Obsessive-compulsive disorder: symptoms and treatment

How is obsessive-compulsive disorder treated?


  • Do you repeatedly check whether you have locked the door or turned off the stove?
  • Even before the corona virus, you were constantly, and most of all, afraid of getting infected
  • Disorganized objects bother you so much that you arrange them according to rules known only to you?
  • Do you jump lines while walking down the street or do some similar meaningless actions so that something bad doesn’t happen to you?


If you’ve caught yourself doing this, you may have wondered if you were crazy. The answer is no, but you may be suffering from Obsessive Compulsive Disorder (OCD). This disorder is more common than previously thought. However, it only affects 2% to 4% of the population.

Characteristics of obsessive-compulsive disorder

Obsessions and compulsions that operate hand in hand. Because of their effect, certain behaviors are being avoided, while other behaviors with a protective function are introduced. Let’s clarify this…

Obsessions are thoughts or images that appear unexpectedly in a person that are perceived as atypical for them and cause strong anxiety. Obsessions are very unpleasant – e.g. a thought that you are going to die or an impulse to harm yourself.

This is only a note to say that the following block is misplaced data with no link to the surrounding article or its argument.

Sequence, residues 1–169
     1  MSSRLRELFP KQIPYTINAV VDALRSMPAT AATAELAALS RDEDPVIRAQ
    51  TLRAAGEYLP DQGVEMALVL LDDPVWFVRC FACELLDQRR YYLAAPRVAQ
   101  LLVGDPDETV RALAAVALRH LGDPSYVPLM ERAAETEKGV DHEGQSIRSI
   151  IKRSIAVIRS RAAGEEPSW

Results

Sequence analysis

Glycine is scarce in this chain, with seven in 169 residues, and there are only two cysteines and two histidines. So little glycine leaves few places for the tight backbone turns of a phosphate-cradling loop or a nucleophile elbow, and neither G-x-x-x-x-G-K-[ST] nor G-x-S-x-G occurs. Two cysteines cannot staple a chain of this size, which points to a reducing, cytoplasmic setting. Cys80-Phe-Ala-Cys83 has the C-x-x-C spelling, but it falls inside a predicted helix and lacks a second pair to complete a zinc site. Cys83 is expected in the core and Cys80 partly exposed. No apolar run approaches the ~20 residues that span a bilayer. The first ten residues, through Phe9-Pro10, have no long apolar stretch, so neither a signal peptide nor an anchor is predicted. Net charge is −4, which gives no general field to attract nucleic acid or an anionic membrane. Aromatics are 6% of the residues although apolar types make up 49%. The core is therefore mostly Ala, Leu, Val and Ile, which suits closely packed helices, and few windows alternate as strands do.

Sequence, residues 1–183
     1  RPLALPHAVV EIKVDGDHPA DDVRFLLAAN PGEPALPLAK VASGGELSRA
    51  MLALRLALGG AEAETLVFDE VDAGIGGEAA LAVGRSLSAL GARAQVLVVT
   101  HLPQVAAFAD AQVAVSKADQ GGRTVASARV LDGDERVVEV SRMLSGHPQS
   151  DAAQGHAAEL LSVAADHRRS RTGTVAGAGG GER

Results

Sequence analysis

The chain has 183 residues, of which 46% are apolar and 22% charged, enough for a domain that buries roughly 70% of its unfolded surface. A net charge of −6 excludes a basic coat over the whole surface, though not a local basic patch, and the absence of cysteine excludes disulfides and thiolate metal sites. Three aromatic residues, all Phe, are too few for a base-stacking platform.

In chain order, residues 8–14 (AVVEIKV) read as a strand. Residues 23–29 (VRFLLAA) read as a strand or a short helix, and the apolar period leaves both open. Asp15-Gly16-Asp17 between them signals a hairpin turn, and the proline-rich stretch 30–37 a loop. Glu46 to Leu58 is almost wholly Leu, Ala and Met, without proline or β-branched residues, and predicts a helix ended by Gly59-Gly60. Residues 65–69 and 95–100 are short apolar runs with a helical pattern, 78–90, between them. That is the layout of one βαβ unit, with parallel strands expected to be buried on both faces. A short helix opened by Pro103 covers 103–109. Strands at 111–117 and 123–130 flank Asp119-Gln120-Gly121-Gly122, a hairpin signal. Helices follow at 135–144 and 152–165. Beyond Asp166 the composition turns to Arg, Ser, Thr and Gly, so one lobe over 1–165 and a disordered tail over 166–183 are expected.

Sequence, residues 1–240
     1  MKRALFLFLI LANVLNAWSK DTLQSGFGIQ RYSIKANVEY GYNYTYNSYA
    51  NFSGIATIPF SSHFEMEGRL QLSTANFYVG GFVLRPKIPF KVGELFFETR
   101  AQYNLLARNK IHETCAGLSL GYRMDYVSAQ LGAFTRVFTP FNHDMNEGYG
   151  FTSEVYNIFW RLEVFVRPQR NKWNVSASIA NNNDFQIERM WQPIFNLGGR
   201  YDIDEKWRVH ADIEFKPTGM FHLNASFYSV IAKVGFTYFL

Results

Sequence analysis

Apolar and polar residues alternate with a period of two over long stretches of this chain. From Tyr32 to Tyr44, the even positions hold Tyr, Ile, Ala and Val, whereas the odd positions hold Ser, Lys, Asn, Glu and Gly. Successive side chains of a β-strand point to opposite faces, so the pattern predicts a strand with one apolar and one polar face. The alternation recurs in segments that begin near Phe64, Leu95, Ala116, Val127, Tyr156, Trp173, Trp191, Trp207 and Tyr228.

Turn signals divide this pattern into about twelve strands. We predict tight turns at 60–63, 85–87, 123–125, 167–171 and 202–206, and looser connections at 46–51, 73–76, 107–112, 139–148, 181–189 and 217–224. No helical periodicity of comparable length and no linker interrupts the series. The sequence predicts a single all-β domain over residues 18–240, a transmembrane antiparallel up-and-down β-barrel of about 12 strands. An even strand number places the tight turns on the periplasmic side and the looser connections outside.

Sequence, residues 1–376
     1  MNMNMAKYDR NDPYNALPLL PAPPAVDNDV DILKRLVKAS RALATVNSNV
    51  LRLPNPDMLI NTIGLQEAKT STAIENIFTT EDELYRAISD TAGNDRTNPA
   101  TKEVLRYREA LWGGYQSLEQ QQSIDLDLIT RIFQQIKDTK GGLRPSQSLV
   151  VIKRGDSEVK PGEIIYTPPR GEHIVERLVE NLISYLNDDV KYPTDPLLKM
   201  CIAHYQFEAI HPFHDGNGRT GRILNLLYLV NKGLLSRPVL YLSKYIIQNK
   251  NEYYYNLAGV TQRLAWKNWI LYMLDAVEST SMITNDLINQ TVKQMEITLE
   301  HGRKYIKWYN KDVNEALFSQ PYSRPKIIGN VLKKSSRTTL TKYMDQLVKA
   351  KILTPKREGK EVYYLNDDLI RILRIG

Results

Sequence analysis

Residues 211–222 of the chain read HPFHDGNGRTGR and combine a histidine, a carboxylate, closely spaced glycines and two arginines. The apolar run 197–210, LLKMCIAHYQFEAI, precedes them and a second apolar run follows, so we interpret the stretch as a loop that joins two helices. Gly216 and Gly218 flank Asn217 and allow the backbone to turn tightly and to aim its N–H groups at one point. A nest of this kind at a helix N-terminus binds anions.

These thoughts or images are experienced as your own, but as if they are in no way consistent with the thoughts you normally have. Because they are not typical of you, you try to get rid of them or suppress them. This is where compulsions come into play.

As a reaction to obsessions, repetitive actions (or thoughts) are created with the aim of supposedly warding off the danger that the obsessions warn of.

Compulsions take place in always predictable frameworks, i.e. according to certain rules. They are repeated several times, until you feel that the discomfort of the obsession has been alleviated.

Compulsions can be both behaviors and thoughts aimed at reversing obsessions.

For example, OCD in pregnancy leads to catastrophic thoughts about the baby. The mother is constantly monitoring her baby and her daily life is hindered by thoughts that something bad will happen to the baby. That’s why she has whole rituals of checking the baby–if the baby is alive, if everything is okay. The mother often gets check-ups for the baby, washes her hands more than usual, and so on.

Obsessions and compulsions

Obsessions and compulsions that characterize obsessive-compulsive disorder, although they can be very diverse, have some similarities. Thus, when it comes to OCD symptoms can be classified based on the object of the obsession:

Infection (contamination)

An obsession that is focused on the possibility of being infected with various microorganisms, chemicals, other people’s bodily secretions. It is usually accompanied by compulsive washing and cleaning of the face and body.


Obsessive preoccupation with symmetry is accompanied by rituals of arrangement, typically according to certain rules (eg. sorting things into pairs, along imaginary lines, in some “correct” order), as well as repetitive counting.


Obsessive collecting of objects (because “some day you will need it”) is another form of OCD. It has only recently been included under the diagnosis due to the fact that all pathological hoarders show the same signs of obsessiveness followed by the compulsive behavior of not throwing away worthless objects.